Utah takes strides to combat human trafficking

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Ari Davis
Attorney General Reyes talks to students in the Tanner Building on Jan. 9. January is National Human Trafficking Awareness month. (Ari Davis)

Fifteen to 40 million victims suffer from human trafficking worldwide today, according to Utah Attorney General Sean Reyes. But the issue isn’t only a problem for developing nations; human trafficking is a real problem in Utah too.

In the coming Utah legislative session, which starts on Jan. 25, legislators will discuss H.B. 105, a bill sponsored by Rep. Angela Romero, which adds a technical provision left out in last year’s legislation. H.B. 105 provides that a human trafficking defendant cannot use his or her mistaken belief that a victim was 18 or older as a defense against the crime of human trafficking a child. Romero, along with other legislators, is currently drafting other anti-human trafficking bills.

“There are so many vulnerable young people out there who fall victim to human trafficking,” Romero said. “It is our duty to protect them and make sure we have the resources to protect them. Until we really capital (the human trafficking problem), it will kind of be in the shadows.”

Reyes told a group of BYU students earlier in the month that human trafficking happens everywhere, although some may not perceive it as a Utah problem. He spoke about local cases to illustrate his point. One of the biggest cases in the Mountain West was that of Victor Rax.

In 2014, a friend told Reyes one of his friends was worried his son was being trafficked. Reyes quickly dispatched an investigation team that confirmed the human trafficking was occurring, which led Utah’s SECURE Strike Force to arrest Rax on Feb. 12, 2014. Rax was an M13 gang member who had been deported seven times, but he kept returning to run human trafficking organizations before finally being apprehended in West Valley City.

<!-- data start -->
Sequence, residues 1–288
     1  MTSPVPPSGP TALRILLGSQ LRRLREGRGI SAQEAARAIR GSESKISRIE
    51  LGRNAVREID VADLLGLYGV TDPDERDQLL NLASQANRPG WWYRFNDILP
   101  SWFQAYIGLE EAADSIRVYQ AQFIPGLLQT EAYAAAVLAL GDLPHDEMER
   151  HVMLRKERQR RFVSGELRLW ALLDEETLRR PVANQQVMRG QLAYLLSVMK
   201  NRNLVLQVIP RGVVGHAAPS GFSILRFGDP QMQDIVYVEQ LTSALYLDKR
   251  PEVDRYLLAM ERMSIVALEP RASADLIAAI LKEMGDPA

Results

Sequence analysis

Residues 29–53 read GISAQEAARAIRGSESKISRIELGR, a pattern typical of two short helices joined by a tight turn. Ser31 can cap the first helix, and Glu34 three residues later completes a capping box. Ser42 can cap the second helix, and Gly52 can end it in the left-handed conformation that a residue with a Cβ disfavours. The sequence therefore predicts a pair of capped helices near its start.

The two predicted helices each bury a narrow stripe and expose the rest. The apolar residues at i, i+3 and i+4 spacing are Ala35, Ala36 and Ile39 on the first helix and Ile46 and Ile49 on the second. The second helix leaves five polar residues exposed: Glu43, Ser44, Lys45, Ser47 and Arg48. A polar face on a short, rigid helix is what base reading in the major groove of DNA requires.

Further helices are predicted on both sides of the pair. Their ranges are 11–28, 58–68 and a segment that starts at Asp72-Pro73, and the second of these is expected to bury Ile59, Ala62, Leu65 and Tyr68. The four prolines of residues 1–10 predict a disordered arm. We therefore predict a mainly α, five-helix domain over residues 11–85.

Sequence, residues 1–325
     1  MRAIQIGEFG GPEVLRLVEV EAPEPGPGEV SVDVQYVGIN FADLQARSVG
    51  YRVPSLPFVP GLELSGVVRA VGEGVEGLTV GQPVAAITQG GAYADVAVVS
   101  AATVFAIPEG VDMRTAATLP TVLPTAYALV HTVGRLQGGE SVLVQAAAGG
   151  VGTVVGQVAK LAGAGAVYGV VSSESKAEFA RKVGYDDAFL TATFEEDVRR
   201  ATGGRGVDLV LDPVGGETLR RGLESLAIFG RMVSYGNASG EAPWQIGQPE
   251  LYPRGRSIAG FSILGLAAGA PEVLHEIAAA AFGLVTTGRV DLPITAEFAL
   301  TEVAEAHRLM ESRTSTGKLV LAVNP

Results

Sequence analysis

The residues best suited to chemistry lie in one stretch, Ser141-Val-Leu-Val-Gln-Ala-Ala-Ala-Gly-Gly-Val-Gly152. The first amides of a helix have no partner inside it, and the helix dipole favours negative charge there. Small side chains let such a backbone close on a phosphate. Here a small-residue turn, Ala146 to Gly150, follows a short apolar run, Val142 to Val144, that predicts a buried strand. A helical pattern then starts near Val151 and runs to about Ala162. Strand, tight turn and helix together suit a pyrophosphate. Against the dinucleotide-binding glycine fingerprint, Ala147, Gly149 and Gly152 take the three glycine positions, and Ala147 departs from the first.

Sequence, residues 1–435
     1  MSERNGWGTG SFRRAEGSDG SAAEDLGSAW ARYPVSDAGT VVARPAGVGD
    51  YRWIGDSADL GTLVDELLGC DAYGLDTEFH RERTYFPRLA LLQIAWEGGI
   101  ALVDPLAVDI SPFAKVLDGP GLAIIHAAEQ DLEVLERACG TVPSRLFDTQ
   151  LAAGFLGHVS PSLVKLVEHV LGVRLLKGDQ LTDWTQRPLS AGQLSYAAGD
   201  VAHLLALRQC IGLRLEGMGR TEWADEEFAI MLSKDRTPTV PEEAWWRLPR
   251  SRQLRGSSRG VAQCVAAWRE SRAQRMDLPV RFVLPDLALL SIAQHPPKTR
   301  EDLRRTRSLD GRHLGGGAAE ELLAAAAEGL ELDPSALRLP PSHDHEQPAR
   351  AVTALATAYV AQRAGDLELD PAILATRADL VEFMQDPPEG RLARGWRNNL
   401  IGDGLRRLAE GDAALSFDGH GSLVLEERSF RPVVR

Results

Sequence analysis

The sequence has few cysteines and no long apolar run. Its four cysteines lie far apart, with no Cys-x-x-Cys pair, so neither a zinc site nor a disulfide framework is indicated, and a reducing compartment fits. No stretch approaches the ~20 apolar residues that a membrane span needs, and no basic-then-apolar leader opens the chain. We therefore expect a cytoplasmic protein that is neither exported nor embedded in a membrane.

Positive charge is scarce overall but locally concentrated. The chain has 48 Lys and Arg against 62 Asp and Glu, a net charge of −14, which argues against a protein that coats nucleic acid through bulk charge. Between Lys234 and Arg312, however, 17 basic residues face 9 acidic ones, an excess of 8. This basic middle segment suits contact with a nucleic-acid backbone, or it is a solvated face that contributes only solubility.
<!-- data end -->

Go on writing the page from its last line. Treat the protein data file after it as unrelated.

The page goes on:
This time they successfully delayed deportation in order to prosecute Rax in the United States. Ultimately, 60 victims came forward to testify against Rax, who was later found dead in his jail cell. The court continued with the case to give victims closure and healing.

The Rax case outsized other human trafficking cases in Utah, but Reyes emphasized trafficking does occur and not just in rare instances.

“It’s prevalent, much more than people realize,” Reyes said.

Recent efforts to combat human trafficking has made Utah an example for other states, according to Reyes. Other states’ officials look to Utah for training. The Utah Attorney General’s Human Trafficking Task Force will host two focus groups for victims and healthcare providers on Jan. 27, 2016.

One of the focus group leaders, Laura Lederer, recently conducted a study which found that 99.1 percent of human trafficking victims had physical health problems and 87.8 percent had seen a healthcare provider during the time they were trafficked. The focus groups hope to better prepare healthcare providers to identify victims of human trafficking.

“The hope is that this national study and the training that will come from it will enable prevention and improve interaction between healthcare providers and law enforcement to bring more perpetrators of this heinous crime to justice,” Lederer said in a press release.

The Utah Attorney General’s Human Trafficking Task Force, in partnership with the National Association of Attorneys General, will also host training for prosecutors and investigators on Jan. 28 and Jan. 29 in Salt Lake. The training will include discussions about the overall issue and the legal frameworks and strategies available for investigation and prosecution.

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